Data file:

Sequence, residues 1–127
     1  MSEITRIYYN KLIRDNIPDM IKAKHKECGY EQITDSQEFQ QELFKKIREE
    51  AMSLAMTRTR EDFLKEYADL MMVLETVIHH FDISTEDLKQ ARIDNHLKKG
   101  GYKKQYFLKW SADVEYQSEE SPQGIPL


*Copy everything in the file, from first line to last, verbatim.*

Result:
Sequence, residues 1–127
     1  MSEITRIYYN KLIRDNIPDM IKAKHKECGY EQITDSQEFQ QELFKKIREE
    51  AMSLAMTRTR EDFLKEYADL MMVLETVIHH FDISTEDLKQ ARIDNHLKKG
   101  GYKKQYFLKW SADVEYQSEE SPQGIPL